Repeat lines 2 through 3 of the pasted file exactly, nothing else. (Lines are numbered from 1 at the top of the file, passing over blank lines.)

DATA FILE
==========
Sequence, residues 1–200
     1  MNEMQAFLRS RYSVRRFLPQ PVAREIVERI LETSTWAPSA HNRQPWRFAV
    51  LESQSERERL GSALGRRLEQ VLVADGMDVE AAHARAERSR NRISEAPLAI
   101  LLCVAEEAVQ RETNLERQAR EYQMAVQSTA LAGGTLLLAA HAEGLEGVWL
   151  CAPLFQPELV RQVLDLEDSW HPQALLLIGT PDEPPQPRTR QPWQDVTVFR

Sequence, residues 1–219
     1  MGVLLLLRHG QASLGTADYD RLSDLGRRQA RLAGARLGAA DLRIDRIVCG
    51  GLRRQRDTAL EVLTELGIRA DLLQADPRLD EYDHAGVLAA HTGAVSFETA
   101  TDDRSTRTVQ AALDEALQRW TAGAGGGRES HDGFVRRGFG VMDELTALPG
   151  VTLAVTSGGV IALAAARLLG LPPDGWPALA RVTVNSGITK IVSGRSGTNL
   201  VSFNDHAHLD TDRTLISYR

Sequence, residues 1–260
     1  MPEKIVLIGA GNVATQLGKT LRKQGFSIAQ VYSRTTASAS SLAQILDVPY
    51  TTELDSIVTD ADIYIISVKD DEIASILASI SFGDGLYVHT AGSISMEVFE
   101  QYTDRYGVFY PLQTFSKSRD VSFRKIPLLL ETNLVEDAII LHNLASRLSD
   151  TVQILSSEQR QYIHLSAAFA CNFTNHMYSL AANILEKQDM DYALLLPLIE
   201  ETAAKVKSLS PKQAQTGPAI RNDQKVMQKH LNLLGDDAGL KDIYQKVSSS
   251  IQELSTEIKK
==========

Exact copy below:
     1  MNEMQAFLRS RYSVRRFLPQ PVAREIVERI LETSTWAPSA HNRQPWRFAV
    51  LESQSERERL GSALGRRLEQ VLVADGMDVE AAHARAERSR NRISEAPLAI